You will not require a full drain but it will likely be a lot. Water is pretty cheap most places in AZ.
 

Dirk

Gold Supporter
TFP Guide
Nov 12, 2017
4,377
Central California
#6
+1 for stay away from Leslie's!! You can't mix'n'match pool testing results and advice. If you want to take care of the pool yourself, and have the best water quality possible, then TFP will get you there. Leslie's most certainly will not. Practice with your new test gear. Do a test twice, or three times. At least until you get repeatable results. Gain some confidence. As previously suggested, ask all the questions you need to here. I tortured poor Marty when I first found TFP, trying to learn everything all at once. He and the other experts here could not be broken!

Please forgive me for saying, based on your first post and the assumptions you made, you need to study up a bit more. Have you read through Pool School yet? I found the eBook to be much easier to use. Just read it (or read it again) from end to end. Ask questions about anything you don't understand. Here's the eBook. Put it on your phone.

Trouble Free Pool School

Don't give up on TFP just yet. Put a little more effort into your test kit learning curve, and a little more into Pool School, and I promise it'll pay off.

Everybody here went through the same thing you're going through. Exactly. We all made it through (1000s and 1000s of us), and we all have amazing pools. None of us go to Leslie's for testing...
 

Jcvader99

Bronze Supporter
Feb 8, 2018
34
Charleston SC
#7
Another recommendation to just stay away from Leslie's. I spent 3 months having to watch my builder service my pool with basic testing kits and tossing in whatever chemicals felt right week after week. During that time I was taking water to Leslie's for testing and they were telling me to put even more chemicals. 3-4 tests a week from both the builder and Leslie's and nothing was ever consistent.

Finally, once the 3 month service period was over, I got the TF-100 and started testing myself (get the SpeedStir, its well worth it). After a few weeks of doing my own testing and buying only the necessary chemicals (from Lowes and WalMart, NOT Leslies) I finally got all the chem levels stabilized and its been ridiculously easy to keep them there. I almost get surprised when I look outside every day and see how crystal clear my water is. I give the guys/gals on this site all the credit for that. I haven't been back to Leslie's in months and I am no longer confused about what needs to be done.

You already have the kit... don't go relying on anyone else to tell you whats in your pool.
 

Motozoic

Well-known member
Oct 30, 2018
45
Tucson, AZ
#8
Alright, alright, I'll stay away from Leslie's. However, they offered a free pool water test and use some of the same equipment (Taylor) that's in the TF-100, so I went ahead and had them run a test. Their results match mine exactly, so there's no surprises there. The tech literally ran the tests in front of me. There's a few additional pieces of data I didn't collect with my test kit as well, like TDS and phosphates count. Here's some of their additional results (my results are in the 1st row, their's in the 2nd):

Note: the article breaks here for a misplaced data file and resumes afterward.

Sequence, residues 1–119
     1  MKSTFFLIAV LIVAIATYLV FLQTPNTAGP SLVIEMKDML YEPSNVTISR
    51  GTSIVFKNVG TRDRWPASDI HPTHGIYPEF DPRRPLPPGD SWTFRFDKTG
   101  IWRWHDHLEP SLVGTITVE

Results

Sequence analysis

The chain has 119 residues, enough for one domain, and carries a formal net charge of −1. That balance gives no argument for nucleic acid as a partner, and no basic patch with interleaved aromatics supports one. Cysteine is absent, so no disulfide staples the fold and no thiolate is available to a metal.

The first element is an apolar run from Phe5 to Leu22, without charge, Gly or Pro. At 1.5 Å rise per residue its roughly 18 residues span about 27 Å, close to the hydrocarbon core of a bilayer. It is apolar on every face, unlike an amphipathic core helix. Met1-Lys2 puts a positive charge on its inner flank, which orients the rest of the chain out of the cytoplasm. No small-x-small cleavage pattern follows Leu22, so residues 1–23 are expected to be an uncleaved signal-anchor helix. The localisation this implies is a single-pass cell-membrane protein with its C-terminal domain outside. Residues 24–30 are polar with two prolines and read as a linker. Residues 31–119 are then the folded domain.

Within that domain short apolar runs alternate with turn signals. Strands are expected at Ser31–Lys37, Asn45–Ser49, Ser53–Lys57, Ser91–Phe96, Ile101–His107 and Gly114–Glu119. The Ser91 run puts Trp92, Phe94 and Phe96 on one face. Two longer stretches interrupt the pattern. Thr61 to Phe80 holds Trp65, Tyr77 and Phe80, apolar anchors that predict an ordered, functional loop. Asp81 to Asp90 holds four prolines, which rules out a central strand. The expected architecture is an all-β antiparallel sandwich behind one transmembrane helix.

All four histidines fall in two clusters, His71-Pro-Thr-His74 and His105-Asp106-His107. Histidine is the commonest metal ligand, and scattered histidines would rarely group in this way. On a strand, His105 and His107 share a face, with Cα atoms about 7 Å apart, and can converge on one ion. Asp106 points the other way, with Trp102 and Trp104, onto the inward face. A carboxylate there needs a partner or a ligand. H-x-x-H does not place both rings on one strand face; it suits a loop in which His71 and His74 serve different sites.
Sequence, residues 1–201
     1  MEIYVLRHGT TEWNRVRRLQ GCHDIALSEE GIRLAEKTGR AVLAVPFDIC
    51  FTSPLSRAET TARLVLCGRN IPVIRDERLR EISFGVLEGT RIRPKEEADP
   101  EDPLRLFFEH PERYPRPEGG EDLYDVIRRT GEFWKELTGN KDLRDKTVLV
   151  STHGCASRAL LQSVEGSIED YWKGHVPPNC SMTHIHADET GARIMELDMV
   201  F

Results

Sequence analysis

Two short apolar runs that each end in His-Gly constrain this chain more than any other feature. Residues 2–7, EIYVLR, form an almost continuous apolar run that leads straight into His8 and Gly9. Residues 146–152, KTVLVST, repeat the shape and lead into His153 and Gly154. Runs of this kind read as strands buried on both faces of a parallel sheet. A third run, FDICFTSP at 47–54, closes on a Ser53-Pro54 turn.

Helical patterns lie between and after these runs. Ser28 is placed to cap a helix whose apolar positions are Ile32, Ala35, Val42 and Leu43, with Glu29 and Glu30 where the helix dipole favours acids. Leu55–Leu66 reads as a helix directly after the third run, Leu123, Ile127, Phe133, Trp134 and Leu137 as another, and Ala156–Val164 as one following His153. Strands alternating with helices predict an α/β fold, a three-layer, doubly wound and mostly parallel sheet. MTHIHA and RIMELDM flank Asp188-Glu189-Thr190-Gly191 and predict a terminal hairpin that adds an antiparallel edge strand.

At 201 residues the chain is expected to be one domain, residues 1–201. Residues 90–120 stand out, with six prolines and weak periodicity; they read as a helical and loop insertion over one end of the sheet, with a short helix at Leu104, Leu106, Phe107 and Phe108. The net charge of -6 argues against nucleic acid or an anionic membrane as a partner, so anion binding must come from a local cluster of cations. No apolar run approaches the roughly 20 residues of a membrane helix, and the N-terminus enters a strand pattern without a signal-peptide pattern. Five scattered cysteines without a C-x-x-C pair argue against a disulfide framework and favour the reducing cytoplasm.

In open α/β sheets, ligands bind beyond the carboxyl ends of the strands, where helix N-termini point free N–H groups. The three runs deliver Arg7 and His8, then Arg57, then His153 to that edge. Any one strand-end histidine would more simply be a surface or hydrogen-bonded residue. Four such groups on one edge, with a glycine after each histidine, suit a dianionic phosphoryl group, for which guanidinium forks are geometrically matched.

[TABLE="width: 0"]
[TR]
[TD="bgcolor: #b7b7b7, align: center"]Ca ppm[/TD]
[TD="bgcolor: #b7b7b7, align: center"]CYA ppm[/TD]
[TD="bgcolor: #b7b7b7, align: center"]Total Alk ppm[/TD]
[TD="bgcolor: #b7b7b7, align: center"]Acid Demand[/TD]
[TD="bgcolor: #b7b7b7, align: center"]Cu ppm[/TD]
[TD="bgcolor: #b7b7b7, align: center"]Fe ppm[/TD]
[TD="bgcolor: #b7b7b7, align: center"]TDS[/TD]
[TD="bgcolor: #b7b7b7, align: center"]Phosphates ppb[/TD]
[/TR]
[TR]
[TD="align: right"]750[/TD]
[TD]> 100[/TD]
[TD][/TD]
[TD][/TD]
[TD][/TD]
[TD][/TD]
[TD][/TD]
[TD][/TD]
[/TR]
[TR]
[TD="align: right"]550[/TD]
[TD="align: right"]150[/TD]
[TD="align: right"]190[/TD]
[TD="align: right"]6[/TD]
[TD="align: right"]0[/TD]
[TD="align: right"]0[/TD]
[TD="align: right"]2100[/TD]
[TD="align: right"]1000[/TD]
[/TR]
[/TABLE]

The guy was very helpful, he said it looks like the water is pretty old and hasn't been replaced in many years and likely needs to be drained and replaced, just like you folks!

I'm not giving up on TFP at all, I just wasn't sure whether I needed some professional help immediately before the pool situation got bad or not. I've contacted a friend of a friend who is a pool professional and will be visiting me on Saturday, so he'll help show me around operating some of the equipment and double check test results, etc. It's definitely looking like a drain is in order. I might spring for one of those Pentair Intellichlor units if it goes that way.
 

jblizzle

Mod Squad
TFP Expert
LifeTime Supporter
May 19, 2010
41,197
Tucson, AZ
#9
Sounds like you got lucky with someone that knows how to do the tests correctly (although they usually do not use the right lighting for the CYA test). Often they rush and screw things up.

Also, TDS is completely meaningless (it is just all the things in the water added together, like salt, CYA, CH, etc)
And phosphates are generally nothing to worry about either if you maintain adequate FC.
 

Griswald

Well-known member
Jul 7, 2014
641
Hope Mills, NC
#10
The guy at Leslies told you your water is old?????
That right there tells you everything you need to know about Leslies.

Your water is millions of years old, as is all water. Does he think its "born" when it comes out of the hose? What a tool...
 

Motozoic

Well-known member
Oct 30, 2018
45
Tucson, AZ
#12
Alright, so I had a friend come over several weeks ago and he added some muriatic acid to the pool, brough the pH down a little bit and within check. It's fairly chilly in Tucson these days over the holidays and haven't been using the pool or the spa much at all lately. There's been some serious windstorms that resulted in a lot of accumulated debris in the pool, but the combination of the pop-up cleaner system and skimmer seem to be doing a great job of cleaning the pool and spa. Everything looks very clear and there's no debris anywhere. I did purchase a 30' vacuum hose and a vacuum head, which I used about 2 weeks ago - made a huge difference in the cleanliness of the pool bottom. Pretty happy with the pool, so far... although my wife developed severe eczema from overuse of the spa. We'll need to figure that out later.